Applicants fill out forms at a job fair in Los Angeles. Mario Anzuoni/Reuters

About 70 million Americans have criminal records, and some of them struggle to find jobs decades after their offense. Advocates of expungement say it levels the playing field—and boosts the economy.

If you live in Kentucky and want to work on a farm, run an HVAC company, or interpret for the deaf community, you’d better not have a criminal record.

Those professions and more than 100 others have licensing restrictions in the state based on a person’s prior convictions, making it hard for even those with minor offenses in their history to get a job. It’s not just Kentucky—every state in the U.S. has some form of employment restriction based on criminal records.

There are nearly 70 million Americans with a prior arrest or conviction. The mark on their record follows them around, sometimes for 30 or 40 years.

Brad Clark, a criminal defense attorney in Kentucky, tells the story of one of his clients. An older man who worked in a factory for much of his career, he was reaching an age where he knew he wouldn’t be able to keep doing the job. So he began school to become a radiology technician.

But he didn’t get his license. A conviction for not paying child support in the 1990s showed up on his background check and the licensing board refused him.

“This is a huge, potentially productive segment of the population that’s being basically taken out of circulation because of having made a mistake at one point in their lives,” says Margaret Love, a Washington, D.C., lawyer who specializes in restoration of rights and serves on the board of the Collateral Consequences Resource Center, a nonprofit investigating the economic and social effects of these long-lasting convictions.

“Most of the time, these records last forever,” Love says. “I think that integrating this population into the labor market in a fair and constructive way would be a tremendous advantage to our economy.”

Enter expungement, sealing, and set-aside. These legal terms sometimes refer to different processes state to state, but they end with the same result: prior offenses not showing up on background checks for employment. Depending on the state, a criminal record can effectively remove every right a citizen has—like the right to vote, serve on a jury, run for office, or even travel internationally. Going through expungement restores those rights.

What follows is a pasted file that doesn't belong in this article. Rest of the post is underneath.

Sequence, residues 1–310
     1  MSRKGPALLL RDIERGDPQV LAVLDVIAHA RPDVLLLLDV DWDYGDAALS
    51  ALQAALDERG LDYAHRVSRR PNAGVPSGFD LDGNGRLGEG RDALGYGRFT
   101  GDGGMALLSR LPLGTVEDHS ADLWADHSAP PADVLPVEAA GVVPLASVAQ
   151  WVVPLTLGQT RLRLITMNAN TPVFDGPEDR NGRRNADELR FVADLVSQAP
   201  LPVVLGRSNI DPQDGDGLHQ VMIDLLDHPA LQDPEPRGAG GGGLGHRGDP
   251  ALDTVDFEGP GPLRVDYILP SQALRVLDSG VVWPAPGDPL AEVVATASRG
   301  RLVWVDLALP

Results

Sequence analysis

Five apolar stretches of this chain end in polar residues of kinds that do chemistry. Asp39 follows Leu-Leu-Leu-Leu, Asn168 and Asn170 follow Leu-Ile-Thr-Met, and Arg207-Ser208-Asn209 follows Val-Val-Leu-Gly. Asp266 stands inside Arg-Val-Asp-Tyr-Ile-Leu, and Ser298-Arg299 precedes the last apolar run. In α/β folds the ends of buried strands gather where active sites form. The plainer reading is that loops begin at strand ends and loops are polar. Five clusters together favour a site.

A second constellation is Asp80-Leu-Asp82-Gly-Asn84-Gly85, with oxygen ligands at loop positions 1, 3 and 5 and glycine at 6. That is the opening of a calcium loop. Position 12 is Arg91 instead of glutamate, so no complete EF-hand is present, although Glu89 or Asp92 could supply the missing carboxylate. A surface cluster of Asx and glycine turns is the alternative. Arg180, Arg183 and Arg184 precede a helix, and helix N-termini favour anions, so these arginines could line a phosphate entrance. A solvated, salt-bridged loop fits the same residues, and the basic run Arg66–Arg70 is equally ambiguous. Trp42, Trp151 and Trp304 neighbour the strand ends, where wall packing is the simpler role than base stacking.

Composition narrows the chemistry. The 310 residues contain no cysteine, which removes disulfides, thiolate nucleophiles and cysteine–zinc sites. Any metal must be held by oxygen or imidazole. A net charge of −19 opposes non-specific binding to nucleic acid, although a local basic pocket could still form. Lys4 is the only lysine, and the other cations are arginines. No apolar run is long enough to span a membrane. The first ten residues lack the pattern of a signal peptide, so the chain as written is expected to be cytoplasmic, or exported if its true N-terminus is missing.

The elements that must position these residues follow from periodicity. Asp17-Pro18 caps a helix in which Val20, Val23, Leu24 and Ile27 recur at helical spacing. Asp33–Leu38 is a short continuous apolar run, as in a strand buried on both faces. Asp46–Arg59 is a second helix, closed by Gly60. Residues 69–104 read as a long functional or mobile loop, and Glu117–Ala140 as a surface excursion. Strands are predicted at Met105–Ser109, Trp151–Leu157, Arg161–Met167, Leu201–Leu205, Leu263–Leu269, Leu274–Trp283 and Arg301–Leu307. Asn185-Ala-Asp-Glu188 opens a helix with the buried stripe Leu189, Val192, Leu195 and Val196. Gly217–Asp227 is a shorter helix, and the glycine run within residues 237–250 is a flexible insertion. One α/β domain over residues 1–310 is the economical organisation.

Republican Gov. Matt Bevin signs House Bill 40 into law on April 12, 2016. (Adam Beam/AP)

Clark runs, a web service that helps people expunge Kentucky criminal records. He launched it last year following the passage of House Bill 40, which allows those convicted of certain felonies in the state to apply to have the convictions vacated and expunged, once five years have passed since the end of their sentence. Kentucky’s law applies to certain Class D felonies including possession of a controlled substance, third-degree burglary, and “flagrant nonsupport” (persistently not paying child support despite a court order).  

“The non-constitutional personal benefits [of expungement] are wide-ranging,” Clark says. “Being able to coach your son or daughter’s soccer team. Being able to chaperone your son’s school trip. … Not worrying about what will happen if your company is acquired and the new owner runs a background check.”

The expungement laws differ state to state (and some don’t offer the option at all). Most states allow for expungement of misdemeanors, and some for felonies after a waiting period. But not every crime can be expunged: Homicide, rape, and child molestation are generally permanent. Critics of the laws say they limit employers’ ability to get a full picture of the people they’re hiring.  

But advocates say that old blots on people’s records limit their prospects and are a drag on the economy. Some areas of Kentucky have a 20 to 30 percent unemployment rate, Clark says, even though there are jobs; local people just can’t fill them because of prior convictions. A recent study put the national cost of the employment penalty for former prisoners and those convicted of felonies at $78 to $87 billion annually.

“I fear that the summary exclusion of so many otherwise qualified people is going to perpetuate a cycle of poverty and social marginalization,” Love says. “A criminal record has become a sorting mechanism that excludes minorities. It can confine people who are already over-prosecuted to the margins of society.”

Ban the Box, an initiative started in 2004, urges employers to remove questions about criminal history from job applications, so people with prior convictions have a fair chance of getting hired. To date, more than 150 local governments in the U.S. have changed their hiring practices to level the field for those with criminal records.

Nine states—Connecticut, Hawaii, Illinois, Massachusetts, Minnesota, New Jersey, Oregon, Rhode Island, and Vermont—have gone further and removed the question about criminal history on job applications for private employers. In November, President Obama finalized a rule to make federal agencies wait to ask most applicants about their criminal history until a conditional offer of employment is made.

Criminal-record expungement tackles the same problem from the other side, which has spurred more states to adopt or broaden their laws. But the process can be complicated and expensive. Typically, fees range from $500 for misdemeanors to up to $5,000 for felonies, plus any legal costs. That can be a major hurdle, especially for people who have spotty employment histories.

“It’s easy to think that this is life-saving, that it’s going to radically change this person’s life, therefore it’s worth $500 to everyone,” Clark says. “And that’s absolutely true—if you can pay that $500. And so many can’t.”

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